Yale Law Suspends Recruiting Policy

School pledges to fight military

Yale Law School has temporarily suspended its requirement that all recruiters sign a nondiscrimination policy, but pledged Tuesday to fight to maintain the policy without jeopardizing roughly $350 million in federal funds.

Yale’s decision comes after both Harvard and Stanford bowed to a government ultimatum to let the military attend official recruiting events or else lose hundreds of millions of dollars in federal grants.

Under a 1996 measure known as the Solomon Amendment, the Department of Defense has warned about 15 law schools over the past year that they will lose all their federal research money if they do not allow official military recruiting visits despite the military’s “don’t ask, don’t tell” policy.

In the face of a Monday deadline from the defense department, Yale will allow Judge Advocate General Corps (JAG) recruiters to participate in its official fall interview program.

But Yale President Richard C. Levin said Tuesday that the school will seek “a determination of whether the law school’s current policy satisfies the legal requirements.”

Yale’s policy allowed the military to hold information sessions on campus and provided recruiters with the names and contact information for law students. Only the officially-advertised interview program—which takes place off campus—was reserved for employers that could sign a nondiscrimination statement.

Yale Law School Dean Anthony T. Kronman said in a statement that the university has told the military “it believes the Law School’s recruitment policy to be in compliance with the Solomon Amendment” and “it intends to seek an authoritative determination of the legality of this policy.”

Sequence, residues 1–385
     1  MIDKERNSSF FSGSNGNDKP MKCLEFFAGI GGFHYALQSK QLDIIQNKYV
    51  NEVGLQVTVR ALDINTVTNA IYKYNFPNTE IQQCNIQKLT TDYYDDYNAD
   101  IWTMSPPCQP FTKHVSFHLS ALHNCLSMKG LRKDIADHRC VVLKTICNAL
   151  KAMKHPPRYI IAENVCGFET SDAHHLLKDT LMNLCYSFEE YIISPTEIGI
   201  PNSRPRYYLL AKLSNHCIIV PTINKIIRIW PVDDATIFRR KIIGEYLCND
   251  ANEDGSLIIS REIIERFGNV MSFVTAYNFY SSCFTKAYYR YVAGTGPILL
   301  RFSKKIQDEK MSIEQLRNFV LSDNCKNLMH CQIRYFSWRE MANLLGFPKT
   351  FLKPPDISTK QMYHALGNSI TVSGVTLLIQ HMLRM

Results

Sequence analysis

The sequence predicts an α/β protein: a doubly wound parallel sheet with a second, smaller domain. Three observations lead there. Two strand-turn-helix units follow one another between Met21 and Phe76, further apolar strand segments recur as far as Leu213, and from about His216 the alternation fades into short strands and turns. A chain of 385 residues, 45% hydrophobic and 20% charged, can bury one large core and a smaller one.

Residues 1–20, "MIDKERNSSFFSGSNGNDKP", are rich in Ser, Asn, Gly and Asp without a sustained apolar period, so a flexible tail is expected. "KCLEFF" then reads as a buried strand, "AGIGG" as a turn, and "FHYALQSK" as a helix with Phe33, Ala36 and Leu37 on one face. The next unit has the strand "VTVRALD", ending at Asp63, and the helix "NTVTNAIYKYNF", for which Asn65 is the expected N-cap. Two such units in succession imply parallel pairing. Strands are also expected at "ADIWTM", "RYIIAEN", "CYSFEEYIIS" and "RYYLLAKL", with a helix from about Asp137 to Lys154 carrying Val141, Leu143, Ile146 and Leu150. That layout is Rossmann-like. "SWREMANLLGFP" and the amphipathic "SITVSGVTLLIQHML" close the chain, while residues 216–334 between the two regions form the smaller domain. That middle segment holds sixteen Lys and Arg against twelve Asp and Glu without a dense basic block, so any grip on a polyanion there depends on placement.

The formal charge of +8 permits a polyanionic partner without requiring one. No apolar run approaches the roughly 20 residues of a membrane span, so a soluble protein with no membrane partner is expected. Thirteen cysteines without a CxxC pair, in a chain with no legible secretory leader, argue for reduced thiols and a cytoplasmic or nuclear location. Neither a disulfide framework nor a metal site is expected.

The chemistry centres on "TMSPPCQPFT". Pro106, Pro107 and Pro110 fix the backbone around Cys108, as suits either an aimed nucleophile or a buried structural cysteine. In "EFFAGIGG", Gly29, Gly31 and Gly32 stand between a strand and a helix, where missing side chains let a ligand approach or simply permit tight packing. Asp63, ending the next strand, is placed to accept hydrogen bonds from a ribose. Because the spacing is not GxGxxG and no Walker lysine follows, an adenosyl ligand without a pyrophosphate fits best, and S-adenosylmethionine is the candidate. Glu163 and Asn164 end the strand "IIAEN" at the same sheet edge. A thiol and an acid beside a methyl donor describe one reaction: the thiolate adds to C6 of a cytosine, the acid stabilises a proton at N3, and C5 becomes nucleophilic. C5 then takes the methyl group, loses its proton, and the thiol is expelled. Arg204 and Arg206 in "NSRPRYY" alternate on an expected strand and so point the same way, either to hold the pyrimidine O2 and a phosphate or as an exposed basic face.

But Yale so far has only committed to challenging the military through administrative channels with the defense department, a method Harvard tried without success before announcing on Aug. 23 it would allow the military an official place on campus.

Whether Yale will extend the fight to the courts remains unclear.

Extent of the Challenge

When Harvard Law School was debating whether to reverse its policy against military recruiting this summer, officials say the school’s administrators met with high-level civilian and military defense department officials and determined that the department would not back down.

“It was clear to us that the evaluation was not going to change within the short term,” says Kevin Casey, Harvard’s senior director of federal and state relations.

In previous years, Harvard Law School only allowed military recruiters to come on campus after an invitation from a student group and did not provide student contact information—a policy previous military reviews had found complied with the Solomon amendment.

But the defense department took a harder line with its evaluations last spring of Harvard and Yale’s policies.

Despite the failure of Harvard’s lobbying efforts, Yale has not lost hope that the defense department will agree to a compromise policy short of officially-sanctioned visits.

Kronman met with JAG officials in Washington last week and said his description of the military’s access to Yale students was “favorably received.”

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